A major job for Ohio's charter school sponsors is keeping track of stuff, the kind of stuff that, if a school doesn't have it, means serious problems. Not only does a sponsor have to show up and check out schools and classrooms, but a good sponsor also needs to keep track of all the state and federally required compliance data.

Sponsors need to track and compile required paperwork and other documents covering a gamut of school functions ranging from the school academic calendar, attendance policy, blood-borne pathogen training, the lease or deed for the facility, the fixed-assets policy, academics, and governance. Sponsors also have to ensure compliance with state and federal laws and even whip out a tape measure to make sure that the American flag is not less than five feet long. They must vouch for all this to the state of Ohio and they must inform the Ohio Department of Education when something is wrong.

Fordham, which currently sponsors eight charter schools, could never have enough staff to do all that on-site combing of files, folders, and binders. Instead, we track school paperwork electronically using a computer system specifically designed to track school documents and information. Called the Authorizer Oversight Information System (AOIS), the system allows Fordham's sponsorship staff to review the documents online and report back to the schools if the paperwork or documentation is not correct. AOIS was developed by the Center for Charter Schools at Central Michigan University and a Michigan-based company called Corporate Computers. Fordham helped to customize the system for Ohio and developed its own calendar of expected reports and training for school personnel.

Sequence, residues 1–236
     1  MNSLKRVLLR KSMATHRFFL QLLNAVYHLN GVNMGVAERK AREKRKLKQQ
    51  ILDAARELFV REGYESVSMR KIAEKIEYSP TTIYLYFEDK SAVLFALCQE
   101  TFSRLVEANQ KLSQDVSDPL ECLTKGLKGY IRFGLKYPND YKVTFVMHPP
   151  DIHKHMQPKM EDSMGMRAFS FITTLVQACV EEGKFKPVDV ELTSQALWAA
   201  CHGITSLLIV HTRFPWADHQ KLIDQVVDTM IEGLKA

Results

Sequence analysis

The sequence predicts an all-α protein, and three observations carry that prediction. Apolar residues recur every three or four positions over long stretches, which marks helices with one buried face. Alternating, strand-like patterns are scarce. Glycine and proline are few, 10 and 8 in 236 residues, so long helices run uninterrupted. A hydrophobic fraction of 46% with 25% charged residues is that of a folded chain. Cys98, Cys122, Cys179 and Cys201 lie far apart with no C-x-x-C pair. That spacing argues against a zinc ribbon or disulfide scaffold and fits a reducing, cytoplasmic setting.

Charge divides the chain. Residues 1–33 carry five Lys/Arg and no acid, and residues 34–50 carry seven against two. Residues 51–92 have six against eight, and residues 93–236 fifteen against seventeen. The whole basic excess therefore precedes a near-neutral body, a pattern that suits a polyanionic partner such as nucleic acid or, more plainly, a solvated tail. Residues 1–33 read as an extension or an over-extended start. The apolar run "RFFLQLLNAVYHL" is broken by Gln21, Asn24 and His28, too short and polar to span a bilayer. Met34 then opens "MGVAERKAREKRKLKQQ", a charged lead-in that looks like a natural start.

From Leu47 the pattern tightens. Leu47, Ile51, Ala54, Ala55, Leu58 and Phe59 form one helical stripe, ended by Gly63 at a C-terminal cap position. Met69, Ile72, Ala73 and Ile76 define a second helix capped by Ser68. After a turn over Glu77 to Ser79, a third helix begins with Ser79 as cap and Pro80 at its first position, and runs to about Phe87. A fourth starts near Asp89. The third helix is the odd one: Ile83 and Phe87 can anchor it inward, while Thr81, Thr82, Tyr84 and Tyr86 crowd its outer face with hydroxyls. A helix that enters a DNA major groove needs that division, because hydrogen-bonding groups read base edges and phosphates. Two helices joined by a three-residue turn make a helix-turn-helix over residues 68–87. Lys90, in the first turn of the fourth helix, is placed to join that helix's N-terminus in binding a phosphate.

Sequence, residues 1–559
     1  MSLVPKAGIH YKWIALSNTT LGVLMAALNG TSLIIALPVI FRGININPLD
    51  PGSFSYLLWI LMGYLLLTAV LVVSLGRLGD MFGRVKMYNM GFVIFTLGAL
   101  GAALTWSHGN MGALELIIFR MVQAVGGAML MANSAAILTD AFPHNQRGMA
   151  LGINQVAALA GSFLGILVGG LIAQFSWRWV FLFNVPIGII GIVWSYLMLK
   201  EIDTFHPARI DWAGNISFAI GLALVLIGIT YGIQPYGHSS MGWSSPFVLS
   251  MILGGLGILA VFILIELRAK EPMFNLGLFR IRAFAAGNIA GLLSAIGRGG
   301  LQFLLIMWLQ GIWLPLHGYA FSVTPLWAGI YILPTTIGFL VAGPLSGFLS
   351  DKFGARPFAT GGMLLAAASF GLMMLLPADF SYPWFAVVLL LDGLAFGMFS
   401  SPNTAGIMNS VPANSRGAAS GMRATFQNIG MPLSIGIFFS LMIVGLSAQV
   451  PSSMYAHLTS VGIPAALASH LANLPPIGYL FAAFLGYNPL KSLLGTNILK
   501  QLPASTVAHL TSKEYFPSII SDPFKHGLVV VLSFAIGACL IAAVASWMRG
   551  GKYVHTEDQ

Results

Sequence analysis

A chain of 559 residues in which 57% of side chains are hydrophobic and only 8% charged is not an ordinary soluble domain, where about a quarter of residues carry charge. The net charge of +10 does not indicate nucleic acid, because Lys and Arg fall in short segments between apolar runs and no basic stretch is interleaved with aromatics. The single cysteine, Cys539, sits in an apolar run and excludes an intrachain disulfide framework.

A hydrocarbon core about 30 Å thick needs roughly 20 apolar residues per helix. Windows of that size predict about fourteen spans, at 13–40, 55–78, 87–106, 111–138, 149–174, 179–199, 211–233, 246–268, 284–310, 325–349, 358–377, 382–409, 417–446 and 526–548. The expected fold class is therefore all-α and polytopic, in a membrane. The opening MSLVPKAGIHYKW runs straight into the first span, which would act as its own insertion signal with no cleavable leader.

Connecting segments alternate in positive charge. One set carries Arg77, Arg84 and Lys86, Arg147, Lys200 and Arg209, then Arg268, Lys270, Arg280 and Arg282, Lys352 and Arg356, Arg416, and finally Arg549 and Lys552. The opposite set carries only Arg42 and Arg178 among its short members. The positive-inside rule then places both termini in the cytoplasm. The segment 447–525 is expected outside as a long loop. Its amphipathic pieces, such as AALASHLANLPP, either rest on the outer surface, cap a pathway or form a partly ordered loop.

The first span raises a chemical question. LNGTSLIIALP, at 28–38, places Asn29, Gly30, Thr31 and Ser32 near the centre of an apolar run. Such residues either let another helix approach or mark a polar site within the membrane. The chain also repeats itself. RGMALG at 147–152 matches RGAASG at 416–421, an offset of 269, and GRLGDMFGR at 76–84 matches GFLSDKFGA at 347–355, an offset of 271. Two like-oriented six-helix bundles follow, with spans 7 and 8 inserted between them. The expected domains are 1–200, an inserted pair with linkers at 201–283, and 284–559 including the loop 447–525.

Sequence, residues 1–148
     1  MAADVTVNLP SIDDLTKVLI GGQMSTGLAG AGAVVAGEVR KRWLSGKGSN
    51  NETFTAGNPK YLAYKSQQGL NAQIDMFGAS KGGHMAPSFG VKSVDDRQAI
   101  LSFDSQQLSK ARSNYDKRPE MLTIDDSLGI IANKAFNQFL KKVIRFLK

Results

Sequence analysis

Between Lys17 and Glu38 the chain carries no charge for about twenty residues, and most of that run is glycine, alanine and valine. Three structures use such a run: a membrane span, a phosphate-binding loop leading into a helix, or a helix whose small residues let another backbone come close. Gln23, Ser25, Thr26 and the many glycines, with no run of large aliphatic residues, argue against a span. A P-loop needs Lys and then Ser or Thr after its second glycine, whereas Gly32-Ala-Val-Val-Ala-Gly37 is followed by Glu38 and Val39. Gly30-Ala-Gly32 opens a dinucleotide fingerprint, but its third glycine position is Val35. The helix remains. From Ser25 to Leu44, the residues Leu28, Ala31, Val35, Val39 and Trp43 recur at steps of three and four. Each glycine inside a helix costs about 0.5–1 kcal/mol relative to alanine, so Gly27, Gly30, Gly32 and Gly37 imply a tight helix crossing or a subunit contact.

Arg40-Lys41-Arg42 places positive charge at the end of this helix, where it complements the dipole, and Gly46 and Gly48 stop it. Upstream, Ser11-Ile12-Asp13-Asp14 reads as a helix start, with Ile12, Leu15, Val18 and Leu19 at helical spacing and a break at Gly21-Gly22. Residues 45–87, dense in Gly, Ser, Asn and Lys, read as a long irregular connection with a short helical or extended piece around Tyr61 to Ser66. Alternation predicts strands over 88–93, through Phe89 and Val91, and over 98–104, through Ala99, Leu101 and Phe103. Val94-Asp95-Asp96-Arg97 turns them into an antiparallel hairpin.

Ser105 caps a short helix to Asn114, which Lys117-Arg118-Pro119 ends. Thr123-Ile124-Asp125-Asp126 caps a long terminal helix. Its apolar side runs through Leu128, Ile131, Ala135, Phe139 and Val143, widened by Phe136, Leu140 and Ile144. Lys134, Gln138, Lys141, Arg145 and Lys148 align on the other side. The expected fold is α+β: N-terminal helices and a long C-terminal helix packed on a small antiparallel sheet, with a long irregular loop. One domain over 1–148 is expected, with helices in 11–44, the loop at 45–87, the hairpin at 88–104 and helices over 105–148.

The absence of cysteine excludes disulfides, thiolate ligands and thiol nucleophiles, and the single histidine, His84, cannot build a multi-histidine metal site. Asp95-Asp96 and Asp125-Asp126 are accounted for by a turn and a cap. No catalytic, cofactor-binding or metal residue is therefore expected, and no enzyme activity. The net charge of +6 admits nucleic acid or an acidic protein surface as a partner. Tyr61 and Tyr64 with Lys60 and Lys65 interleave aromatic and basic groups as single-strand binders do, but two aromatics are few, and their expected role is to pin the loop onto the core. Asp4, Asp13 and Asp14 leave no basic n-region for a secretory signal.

The AOIS system means much less Fordham staff time and school personnel staff time are spent tracking down papers in disparate binders and folders. All required files are available on-line whenever they are needed. Fordham still makes at least two on-site inspections to each of its schools annually. But the "checking-the-boxes" work of ensuring that copies of teaching licenses, health and safety inspections, and fire-drill logs are present is done before inspectors get there. This allows Fordham's sponsorship evaluators to spend much more time with school leaders discussing education and what would help to make the schools better.

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